Do You Need a Lift/Elevator?
Check with the cruise line to make sure their lift is working on the ship if you will be requiring it. It was broken throughout our sailing unfortunately.
Drink Only Bottled Water
And wash your hands often, on and off the ship.
Pack an Open Mind!
Oh yes…and bring your best camera to capture the incredible wildlife in the sky, along the river, and on the land.
Definitely Travel in India Before & After the Cruise
Our 23-day itinerary started with Varanasi, the most sacred city on the Ganges River. We stayed on the river, high atop the ghats at the 5-star Brijrama Palace at a nightly cost of approximately $350 USD per room.
From our hotel we watched Mother Ganges come alive in the morning, observing the Ganga aarti ceremonies at night at the Dashashwamedh Ghat when the priests, waving oil lamps, lighting incense and blowing conch shells, would put the river to bed. We went out on a small wooden boat to place small lamps with flowers in the river. We also walked freely through the narrow laneways near Manikarnika, the main cremation ghat that operates day and night.
Funeral pyres burned brightly in full view of the passing boats on the river and we stood and watched wondrously for hours, absorbing the chaotic local commerce and rituals of death.
This was my third visit to Varanasi and I could easily go back again and again.
We then flew to Kolkata for two nights at the Oberoi Grand Hotel at about $250 USD per night.
We visited three remaining synagogues, hidden behind street level shops. A handful of Jews live in Kolkata today, and services alternate among the three synagogues. The original congregant’s prayer books and shawls are still in the tiny cubbyholes in the seats.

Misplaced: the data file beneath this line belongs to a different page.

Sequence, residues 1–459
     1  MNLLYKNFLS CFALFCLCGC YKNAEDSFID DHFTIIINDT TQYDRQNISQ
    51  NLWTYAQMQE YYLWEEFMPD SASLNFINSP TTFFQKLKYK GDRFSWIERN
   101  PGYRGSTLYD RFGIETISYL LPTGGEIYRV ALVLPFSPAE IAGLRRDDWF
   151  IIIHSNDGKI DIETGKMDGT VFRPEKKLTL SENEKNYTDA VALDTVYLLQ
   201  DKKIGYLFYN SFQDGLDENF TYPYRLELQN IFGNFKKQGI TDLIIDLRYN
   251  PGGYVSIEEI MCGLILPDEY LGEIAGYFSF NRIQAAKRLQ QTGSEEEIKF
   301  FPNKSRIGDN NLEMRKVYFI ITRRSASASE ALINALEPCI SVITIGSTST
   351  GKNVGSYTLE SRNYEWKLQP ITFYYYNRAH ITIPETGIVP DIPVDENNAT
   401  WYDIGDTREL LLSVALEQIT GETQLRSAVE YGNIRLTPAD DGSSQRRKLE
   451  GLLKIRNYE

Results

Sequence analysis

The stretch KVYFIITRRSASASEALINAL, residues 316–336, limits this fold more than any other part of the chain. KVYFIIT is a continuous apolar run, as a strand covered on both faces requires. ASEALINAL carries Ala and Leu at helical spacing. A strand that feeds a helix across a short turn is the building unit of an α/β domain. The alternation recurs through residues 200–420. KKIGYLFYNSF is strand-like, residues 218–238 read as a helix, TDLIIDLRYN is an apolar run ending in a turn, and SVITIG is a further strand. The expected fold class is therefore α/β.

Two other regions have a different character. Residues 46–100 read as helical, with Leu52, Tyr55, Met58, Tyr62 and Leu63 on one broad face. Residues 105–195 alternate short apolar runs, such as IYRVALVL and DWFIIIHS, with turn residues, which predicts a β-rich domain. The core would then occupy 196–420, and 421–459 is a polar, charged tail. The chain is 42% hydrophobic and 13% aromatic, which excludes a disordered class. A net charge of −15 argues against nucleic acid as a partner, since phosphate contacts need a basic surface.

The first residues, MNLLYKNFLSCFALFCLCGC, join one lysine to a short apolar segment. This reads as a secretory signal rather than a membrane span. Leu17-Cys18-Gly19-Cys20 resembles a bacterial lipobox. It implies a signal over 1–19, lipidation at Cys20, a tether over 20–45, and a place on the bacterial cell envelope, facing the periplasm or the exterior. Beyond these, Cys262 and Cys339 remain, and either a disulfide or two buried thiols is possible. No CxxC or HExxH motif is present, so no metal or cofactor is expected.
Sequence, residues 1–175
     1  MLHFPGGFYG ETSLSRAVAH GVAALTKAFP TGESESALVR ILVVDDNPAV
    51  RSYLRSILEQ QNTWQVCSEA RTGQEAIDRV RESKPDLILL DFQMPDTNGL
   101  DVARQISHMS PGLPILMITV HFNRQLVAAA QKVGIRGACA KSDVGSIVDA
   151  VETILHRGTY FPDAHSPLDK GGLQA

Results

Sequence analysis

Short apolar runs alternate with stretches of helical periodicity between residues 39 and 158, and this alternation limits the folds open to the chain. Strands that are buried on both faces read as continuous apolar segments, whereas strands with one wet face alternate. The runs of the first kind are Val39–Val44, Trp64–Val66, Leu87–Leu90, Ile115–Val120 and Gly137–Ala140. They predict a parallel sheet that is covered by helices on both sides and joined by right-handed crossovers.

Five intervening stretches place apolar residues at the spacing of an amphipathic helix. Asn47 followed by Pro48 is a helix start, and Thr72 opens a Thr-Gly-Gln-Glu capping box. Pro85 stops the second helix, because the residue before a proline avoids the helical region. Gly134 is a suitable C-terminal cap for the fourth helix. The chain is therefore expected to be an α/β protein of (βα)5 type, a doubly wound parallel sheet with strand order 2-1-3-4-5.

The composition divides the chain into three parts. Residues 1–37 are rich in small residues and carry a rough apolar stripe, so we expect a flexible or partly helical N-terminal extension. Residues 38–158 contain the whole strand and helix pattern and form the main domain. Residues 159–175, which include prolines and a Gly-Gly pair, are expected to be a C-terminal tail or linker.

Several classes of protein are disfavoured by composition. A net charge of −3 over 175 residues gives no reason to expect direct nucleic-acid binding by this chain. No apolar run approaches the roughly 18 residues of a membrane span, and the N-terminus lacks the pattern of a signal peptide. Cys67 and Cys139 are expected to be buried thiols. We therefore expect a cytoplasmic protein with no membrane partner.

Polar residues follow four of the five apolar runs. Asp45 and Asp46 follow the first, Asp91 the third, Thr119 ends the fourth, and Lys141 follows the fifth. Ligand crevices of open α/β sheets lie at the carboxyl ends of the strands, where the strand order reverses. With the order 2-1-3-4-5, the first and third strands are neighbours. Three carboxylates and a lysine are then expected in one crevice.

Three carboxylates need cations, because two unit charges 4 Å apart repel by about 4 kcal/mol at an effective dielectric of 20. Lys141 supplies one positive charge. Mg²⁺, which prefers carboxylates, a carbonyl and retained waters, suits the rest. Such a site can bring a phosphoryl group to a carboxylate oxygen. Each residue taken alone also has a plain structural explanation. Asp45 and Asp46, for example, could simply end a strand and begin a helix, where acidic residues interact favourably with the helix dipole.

We enjoyed the sprawling flower market with its fragrant smells and rich yellow and saffron colors. The opulent Queen Victoria monument was a sight to behold with thousands of Christmas lights twinkling under a full moon.
Visiting Mother Teresa’s “Missionaries of Charity” in the heart of Kolkata was a highlight. Seeing the small room with the desk and bed that Saint Mother Teresa did her work from was an emotional and moving experience.
The poverty we saw in Kolkata underscored the remarkable nature of the work being done at the Missionaries of Charity’s “Mother Teresa of Calcutta Center” today and the unthinkable disease, hunger and suffering that Mother Teresa would have seen and tended to.
As our fabulous cruise on the MV Mahabaahu came to an end, our land-based adventure, designed by me and organized locally by Peirce and Leslie ( www.peirceandleslie.com) was just beginning!
Building this cruise into our longer Indian holiday was a very good decision. We all flew to New Delhi to celebrate New Year’s at the Leela Palace at about $300 USD per night, and spent the next eight days in colorful Rajasthan visiting Agra, Jaipur, Jodphur and Udaipur.
My husband and I along with our friends, Valerie and Howard, capped off the trip with three days in Mumbai touring with Perfect Travels and Tours.
We stayed at the iconic Taj Mahal Hotel at about $350 USD per night before flying back to Toronto on a direct flight.